gladiators…then…and now

Physical abuse among professional football players continues to occupy many in the media. While I don’t condone the behavior being reported, I also don’t condone CNN and others using such tragedy to drive their ratings numbers. Rather than droning on and on about the salacious details, why not report more substantively about the story…behind the story.

Who are these men recruited for their prowess on the playing field? Where do they come from? How were they raised?

I would imagine many of them, especially the black athletes, hail from inner cities where crime is rampant. They were probably parented by a single mother, or a grandmother. If the family did include a father, it’s more than likely he wasn’t a positive role model. Of course there are exceptions to this scenario. Unfortunately, they are just that…exceptions.

Whether these disadvantaged, young men naturally excel at sports or make it their life’s goal to get hired as professional athletes, their lives have not prepared them to make the leap from impoverished backgrounds to wealth beyond their wildest imaginings.

Unless their personal background issues are resolved satisfactorily, the behavior of these men off the playing field cannot help but be at odds with society.

Money, lots of money, doesn’t buy morals. These are learned over all of one’s life, not in the blink of an eye.

Whom do we blame? There’s more than enough to go around. The player for his own actions. The owners, managers, and coaches for not holding their players to acceptable behavior on and off the field. Sponsors who pay exorbitant amounts of money for the persona, without knowing the full measure of the person. The fans who elevate the players to demi-gods who can do nothing wrong, as long as they bring home the Super Bowl Trophy.

Professional sports players bear the burden of fame and celebrity. Like it or not, they are also icons for millions of youngsters who yearn to follow in the footsteps of these men.

In the days of ancient Rome, no one asked about the gladiator’s personal history before sending him into the arena. Who cared? As long as he provided great entertainment while battling his foe.

…are we so different?



7 thoughts on “gladiators…then…and now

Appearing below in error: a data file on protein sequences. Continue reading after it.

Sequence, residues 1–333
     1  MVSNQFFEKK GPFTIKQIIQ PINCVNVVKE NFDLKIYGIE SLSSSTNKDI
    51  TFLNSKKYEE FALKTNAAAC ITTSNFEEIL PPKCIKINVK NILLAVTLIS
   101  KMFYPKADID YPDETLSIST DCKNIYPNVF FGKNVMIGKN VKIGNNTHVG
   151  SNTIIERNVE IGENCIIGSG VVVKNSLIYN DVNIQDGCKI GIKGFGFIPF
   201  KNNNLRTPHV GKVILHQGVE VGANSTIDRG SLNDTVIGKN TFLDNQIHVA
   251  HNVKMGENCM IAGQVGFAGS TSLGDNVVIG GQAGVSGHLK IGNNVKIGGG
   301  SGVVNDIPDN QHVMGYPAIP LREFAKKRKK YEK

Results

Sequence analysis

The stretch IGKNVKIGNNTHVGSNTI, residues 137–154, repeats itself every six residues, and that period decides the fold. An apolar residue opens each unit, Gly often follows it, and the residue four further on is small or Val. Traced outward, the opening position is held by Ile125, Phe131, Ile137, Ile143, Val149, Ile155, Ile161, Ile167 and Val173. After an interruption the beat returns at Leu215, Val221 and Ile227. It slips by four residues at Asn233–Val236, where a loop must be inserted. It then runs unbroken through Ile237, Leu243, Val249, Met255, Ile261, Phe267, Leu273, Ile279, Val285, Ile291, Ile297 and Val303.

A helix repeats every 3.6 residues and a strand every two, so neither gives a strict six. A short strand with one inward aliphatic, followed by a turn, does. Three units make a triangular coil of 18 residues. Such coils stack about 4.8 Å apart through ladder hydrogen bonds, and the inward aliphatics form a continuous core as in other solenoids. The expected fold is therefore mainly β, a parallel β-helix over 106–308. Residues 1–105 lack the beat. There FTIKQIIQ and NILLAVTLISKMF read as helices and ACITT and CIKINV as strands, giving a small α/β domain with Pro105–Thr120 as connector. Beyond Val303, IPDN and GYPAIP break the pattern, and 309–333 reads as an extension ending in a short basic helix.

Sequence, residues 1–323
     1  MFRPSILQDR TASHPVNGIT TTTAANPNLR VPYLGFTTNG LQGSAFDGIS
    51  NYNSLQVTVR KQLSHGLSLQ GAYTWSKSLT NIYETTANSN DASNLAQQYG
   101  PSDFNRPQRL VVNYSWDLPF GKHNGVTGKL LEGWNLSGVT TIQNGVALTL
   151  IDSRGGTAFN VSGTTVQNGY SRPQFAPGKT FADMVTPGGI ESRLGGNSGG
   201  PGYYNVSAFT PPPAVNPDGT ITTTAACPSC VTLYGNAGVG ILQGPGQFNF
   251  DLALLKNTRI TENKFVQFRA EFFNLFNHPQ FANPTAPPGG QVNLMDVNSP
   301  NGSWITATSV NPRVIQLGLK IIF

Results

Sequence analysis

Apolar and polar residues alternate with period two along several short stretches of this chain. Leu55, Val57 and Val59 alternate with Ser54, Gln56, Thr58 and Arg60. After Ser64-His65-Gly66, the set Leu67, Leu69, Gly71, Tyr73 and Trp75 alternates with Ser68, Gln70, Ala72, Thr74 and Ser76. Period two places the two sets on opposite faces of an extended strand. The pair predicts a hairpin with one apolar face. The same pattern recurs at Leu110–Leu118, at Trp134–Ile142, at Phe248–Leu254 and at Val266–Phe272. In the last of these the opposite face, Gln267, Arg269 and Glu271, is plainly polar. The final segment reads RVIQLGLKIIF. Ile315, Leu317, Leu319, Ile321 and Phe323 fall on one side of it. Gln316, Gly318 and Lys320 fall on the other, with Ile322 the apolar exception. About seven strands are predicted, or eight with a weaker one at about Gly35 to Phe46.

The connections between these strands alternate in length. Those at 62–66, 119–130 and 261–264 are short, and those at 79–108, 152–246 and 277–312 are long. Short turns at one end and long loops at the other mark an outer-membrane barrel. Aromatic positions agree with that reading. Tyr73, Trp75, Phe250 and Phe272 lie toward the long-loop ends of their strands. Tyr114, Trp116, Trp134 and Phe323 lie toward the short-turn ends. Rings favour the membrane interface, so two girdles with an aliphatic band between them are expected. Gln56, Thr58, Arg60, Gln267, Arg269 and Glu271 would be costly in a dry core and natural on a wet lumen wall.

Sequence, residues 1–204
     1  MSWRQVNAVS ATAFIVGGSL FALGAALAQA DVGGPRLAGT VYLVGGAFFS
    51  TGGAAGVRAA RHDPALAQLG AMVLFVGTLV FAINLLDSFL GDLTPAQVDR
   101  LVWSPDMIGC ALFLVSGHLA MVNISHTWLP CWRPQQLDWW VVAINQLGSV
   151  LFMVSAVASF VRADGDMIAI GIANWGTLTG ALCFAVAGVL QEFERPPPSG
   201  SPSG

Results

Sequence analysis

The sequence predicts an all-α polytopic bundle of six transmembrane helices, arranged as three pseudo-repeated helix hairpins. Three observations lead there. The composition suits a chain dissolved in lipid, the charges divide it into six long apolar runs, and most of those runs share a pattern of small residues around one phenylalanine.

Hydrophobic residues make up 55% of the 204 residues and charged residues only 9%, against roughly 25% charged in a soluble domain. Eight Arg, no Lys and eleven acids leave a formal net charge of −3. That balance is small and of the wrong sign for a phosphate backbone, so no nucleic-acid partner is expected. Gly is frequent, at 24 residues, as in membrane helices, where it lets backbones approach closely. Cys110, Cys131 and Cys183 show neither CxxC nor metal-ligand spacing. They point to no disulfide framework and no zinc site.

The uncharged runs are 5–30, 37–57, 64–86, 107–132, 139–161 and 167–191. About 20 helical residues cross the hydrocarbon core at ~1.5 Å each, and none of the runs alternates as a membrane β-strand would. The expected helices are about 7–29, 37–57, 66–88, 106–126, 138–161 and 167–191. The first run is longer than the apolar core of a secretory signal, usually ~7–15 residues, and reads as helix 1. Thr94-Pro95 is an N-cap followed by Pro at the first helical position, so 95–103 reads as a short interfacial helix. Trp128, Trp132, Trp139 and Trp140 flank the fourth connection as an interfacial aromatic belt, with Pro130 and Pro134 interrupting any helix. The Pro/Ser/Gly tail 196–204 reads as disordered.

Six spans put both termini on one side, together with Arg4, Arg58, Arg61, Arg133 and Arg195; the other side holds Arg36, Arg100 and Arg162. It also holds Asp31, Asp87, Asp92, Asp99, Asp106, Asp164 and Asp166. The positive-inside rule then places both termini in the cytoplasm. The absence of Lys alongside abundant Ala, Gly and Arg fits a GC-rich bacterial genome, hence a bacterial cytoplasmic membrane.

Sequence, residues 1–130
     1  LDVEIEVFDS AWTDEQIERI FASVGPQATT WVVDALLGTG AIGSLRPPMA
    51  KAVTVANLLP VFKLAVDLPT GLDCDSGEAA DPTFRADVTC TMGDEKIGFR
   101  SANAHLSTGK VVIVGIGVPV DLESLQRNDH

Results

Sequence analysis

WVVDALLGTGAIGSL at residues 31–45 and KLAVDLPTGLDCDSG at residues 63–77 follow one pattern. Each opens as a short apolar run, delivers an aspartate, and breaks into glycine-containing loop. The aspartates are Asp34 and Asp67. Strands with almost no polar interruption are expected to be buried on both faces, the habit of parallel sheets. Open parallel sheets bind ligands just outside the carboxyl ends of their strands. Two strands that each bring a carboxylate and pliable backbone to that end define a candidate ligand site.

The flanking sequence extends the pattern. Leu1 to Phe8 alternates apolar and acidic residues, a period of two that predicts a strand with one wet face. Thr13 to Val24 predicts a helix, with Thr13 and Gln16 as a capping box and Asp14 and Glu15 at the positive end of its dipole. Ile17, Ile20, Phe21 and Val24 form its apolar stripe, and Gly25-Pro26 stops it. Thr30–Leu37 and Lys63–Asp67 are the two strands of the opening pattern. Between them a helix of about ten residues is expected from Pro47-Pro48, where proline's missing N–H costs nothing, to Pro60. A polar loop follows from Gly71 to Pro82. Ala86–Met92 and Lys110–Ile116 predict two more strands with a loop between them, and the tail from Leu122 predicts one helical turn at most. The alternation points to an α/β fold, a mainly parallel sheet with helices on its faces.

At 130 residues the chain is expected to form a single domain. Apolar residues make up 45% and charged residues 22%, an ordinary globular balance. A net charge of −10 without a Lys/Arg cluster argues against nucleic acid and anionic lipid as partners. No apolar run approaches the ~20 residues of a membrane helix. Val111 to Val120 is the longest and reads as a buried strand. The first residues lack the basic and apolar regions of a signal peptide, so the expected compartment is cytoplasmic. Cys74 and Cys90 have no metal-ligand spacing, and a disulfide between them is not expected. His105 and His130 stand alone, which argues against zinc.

1. The world has always defined “heroes” wrongly, which is why we call successful athletes sports heroes when they’re nothing but good at their profession. But what about the real heroes? The fathers and mothers who stick around for their kids, who sacrifice their own desires for the larger good of their family, and who place more value on providing a home rather than a house to live in. We need more of these heroes to grow the heroes of tomorrow. Sorry to rant and rave, but this post rings so true. We’ve lost our way in this country when there are more broken homes and families than not.

    Liked by 1 person

    • Thanks for the rant. You spoke what so many know to be the truth. Parents have a tough job raising tomorrow’s adults. It’s a “hit or miss” job. Lucky if born to good role models…and into means…living life on the up and up. Unlucky if life isn’t rosy and one must conjure up one’s own resources. Regardless of which, the world keeps spinning and parents are born every day. God bless them…

      Liked by 1 person

  2. Hugmamma, Good piece. In ancient Rome the gladiators were slaves, so they had no choice. A few won their freedom. I realize that many players today come from poor backgrounds, but the incentives start in high school with scholarships. If they make it through college without injuries that force them out, they’re attracted by big money. I read that pro football players are often directed to injure other players on the opposing team. I’m sure they all know that. The money is just too much to turn down. It’s sad in a way. The people who attend rough pro games need to object and stay away for things to change, but I can’t see that happening in the foreseeable future. —Susan

    Liked by 1 person

hugs for sharing some brief thoughts...and keeping them positive

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